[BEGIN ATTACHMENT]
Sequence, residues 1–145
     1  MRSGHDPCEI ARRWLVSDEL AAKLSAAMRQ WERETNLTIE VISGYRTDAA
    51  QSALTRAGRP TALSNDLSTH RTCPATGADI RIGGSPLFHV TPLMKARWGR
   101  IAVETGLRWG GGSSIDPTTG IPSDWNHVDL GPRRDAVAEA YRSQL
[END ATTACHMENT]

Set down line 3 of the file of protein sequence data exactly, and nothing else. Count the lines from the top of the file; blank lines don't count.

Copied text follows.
    51  QSALTRAGRP TALSNDLSTH RTCPATGADI RIGGSPLFHV TPLMKARWGR